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A new framework for advancing in drug-induced liver injury research. The Prospective European DILI Registry

Björnsson, Einar S.; Stephens, Camilla; Atallah, Edmond; Alvarez-Alvarez, Ismael; Robles-Diaz, Mercedes; Gerbes, Alexander; Weber, Sabine; Stirnimann, Guido; Kullak-Ublick, Gerd; Cortez-Pinto, Helena; Grove, Jane I.; Lucena, M. Isabel; Andrade, Raul J.; Aithal, Guruprasad P.

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Authors

Einar S. Björnsson

Camilla Stephens

Edmond Atallah

Ismael Alvarez-Alvarez

Mercedes Robles-Diaz

Alexander Gerbes

Sabine Weber

Guido Stirnimann

Gerd Kullak-Ublick

Helena Cortez-Pinto

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JANE GROVE jane.grove@nottingham.ac.uk
Assistant Professor

M. Isabel Lucena

Raul J. Andrade



Abstract

Background & Aims: No multi-national prospective study of drug-induced liver injury (DILI) has originated in Europe. The design of a prospective European DILI registry, clinical features and short-term outcomes of the cases and controls is reported. Methods: Patients with suspected DILI were prospectively enrolled in the United Kingdom, Spain, Germany, Switzerland, Portugal and Iceland, 2016–2021. DILI cases or non-DILI acute liver injury controls following causality assessment were enrolled. Results: Of 446 adjudicated patients, 246 DILI patients and 100 had acute liver injury due to other aetiologies, mostly autoimmune hepatitis (n=42) and viral hepatitis (n=34). DILI patients (mean age 56 years), 57% women, 60% with jaundice and 3.6% had pre-existing liver disease. DILI cases and non-DILI acute liver injury controls had similar demographics, clinical features and outcomes. A single agent was implicated in 199 (81%) DILI cases. Amoxicillin-clavulanate, flucloxacillin, atorvastatin, nivolumab/ipilimumab, infliximab and nitrofurantoin were the most commonly implicated drugs. Multiple conventional medications were implicated in 37 (15%) and 18 cases were caused by herbal and dietary supplements. The most common single causative drug classes were antibacterials (40%) and antineoplastic/immunomodulating agents (27%). Overall, 13 (5.3%) had drug-induced autoimmune-like hepatitis due to nitrofurantoin, methyldopa, infliximab, methylprednisolone and minocycline. Only six (2.4%) DILI patients died (50% had liver-related death), and another six received liver transplantation. Conclusions: In this first multi-national European prospective DILI Registry study, antibacterials were the most commonly implicated medications, whereas antineoplastic and immunomodulating agents accounted for higher proportion of DILI than previously described. This European initiative provides an important opportunity to advance the study on DILI.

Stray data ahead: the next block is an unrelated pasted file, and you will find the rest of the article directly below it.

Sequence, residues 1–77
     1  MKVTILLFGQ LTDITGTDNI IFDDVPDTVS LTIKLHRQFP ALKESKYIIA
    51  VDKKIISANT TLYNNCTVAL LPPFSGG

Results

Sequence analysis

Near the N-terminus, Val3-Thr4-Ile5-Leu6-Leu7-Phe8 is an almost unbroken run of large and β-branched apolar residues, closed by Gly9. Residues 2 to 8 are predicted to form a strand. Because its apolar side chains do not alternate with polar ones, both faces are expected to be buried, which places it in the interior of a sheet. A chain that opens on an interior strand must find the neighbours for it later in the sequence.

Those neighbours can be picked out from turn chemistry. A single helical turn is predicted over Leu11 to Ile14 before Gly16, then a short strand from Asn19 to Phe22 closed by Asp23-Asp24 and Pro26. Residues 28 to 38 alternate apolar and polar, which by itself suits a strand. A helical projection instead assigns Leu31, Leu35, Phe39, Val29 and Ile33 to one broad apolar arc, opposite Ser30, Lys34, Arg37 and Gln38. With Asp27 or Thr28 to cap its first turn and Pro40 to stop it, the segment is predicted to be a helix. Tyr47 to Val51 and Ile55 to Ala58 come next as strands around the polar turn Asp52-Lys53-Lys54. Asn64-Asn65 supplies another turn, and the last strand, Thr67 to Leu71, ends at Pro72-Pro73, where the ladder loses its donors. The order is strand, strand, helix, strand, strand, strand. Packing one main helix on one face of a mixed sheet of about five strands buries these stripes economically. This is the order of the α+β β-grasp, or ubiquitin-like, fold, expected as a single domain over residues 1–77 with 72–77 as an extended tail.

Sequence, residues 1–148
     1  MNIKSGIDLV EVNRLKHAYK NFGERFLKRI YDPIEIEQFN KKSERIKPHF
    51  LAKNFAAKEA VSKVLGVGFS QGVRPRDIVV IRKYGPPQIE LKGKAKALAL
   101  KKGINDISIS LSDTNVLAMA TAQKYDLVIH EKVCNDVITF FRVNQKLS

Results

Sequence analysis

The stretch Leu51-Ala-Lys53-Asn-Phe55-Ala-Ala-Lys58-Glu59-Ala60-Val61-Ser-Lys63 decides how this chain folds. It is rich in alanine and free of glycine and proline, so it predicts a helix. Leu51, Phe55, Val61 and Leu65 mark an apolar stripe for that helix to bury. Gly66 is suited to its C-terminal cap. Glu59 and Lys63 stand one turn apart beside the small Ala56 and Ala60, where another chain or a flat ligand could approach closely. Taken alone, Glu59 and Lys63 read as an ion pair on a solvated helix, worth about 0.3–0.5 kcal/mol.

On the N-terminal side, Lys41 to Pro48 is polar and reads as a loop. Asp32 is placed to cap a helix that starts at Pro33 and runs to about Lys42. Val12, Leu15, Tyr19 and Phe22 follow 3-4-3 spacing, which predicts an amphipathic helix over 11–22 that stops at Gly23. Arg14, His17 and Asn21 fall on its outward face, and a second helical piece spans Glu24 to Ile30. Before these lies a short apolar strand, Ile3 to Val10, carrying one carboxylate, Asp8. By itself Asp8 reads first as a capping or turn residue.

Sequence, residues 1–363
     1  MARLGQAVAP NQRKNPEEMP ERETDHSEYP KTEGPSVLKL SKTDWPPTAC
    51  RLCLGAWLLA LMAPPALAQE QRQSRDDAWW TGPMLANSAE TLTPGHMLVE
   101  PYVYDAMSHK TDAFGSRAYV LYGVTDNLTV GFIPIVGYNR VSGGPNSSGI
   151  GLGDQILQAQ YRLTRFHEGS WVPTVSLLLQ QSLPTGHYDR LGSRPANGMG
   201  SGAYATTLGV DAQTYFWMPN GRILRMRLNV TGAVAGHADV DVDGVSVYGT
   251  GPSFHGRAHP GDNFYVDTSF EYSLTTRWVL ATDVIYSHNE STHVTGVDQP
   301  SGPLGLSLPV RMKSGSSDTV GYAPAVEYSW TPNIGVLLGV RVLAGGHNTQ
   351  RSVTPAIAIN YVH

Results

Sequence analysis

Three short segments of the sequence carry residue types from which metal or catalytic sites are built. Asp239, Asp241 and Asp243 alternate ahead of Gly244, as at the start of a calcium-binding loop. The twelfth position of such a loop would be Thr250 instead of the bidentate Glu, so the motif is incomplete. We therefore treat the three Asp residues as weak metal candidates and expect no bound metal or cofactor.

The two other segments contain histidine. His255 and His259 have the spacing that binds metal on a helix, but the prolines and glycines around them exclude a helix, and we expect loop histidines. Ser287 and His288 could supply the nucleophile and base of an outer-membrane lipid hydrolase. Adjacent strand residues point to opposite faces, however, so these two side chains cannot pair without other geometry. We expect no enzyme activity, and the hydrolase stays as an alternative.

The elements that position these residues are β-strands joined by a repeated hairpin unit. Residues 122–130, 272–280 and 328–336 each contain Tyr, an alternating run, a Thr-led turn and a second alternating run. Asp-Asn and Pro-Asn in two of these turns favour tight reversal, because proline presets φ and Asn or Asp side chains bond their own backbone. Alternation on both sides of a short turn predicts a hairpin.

Journal Article Type Article
Acceptance Date Jul 27, 2022
Online Publication Date Jul 28, 2022
Publication Date Jul 28, 2022
Deposit Date Aug 4, 2022
Publicly Available Date Aug 4, 2022
Journal Liver International
Print ISSN 1478-3223
Electronic ISSN 1478-3231
Peer Reviewed Peer Reviewed
Volume 43
Issue 1
Pages 115-126
DOI https://doi.org/10.1111/liv.15378
Public URL https://nottingham-repository.worktribe.com/output/9580100
Publisher URL https://onlinelibrary.wiley.com/doi/10.1111/liv.15378

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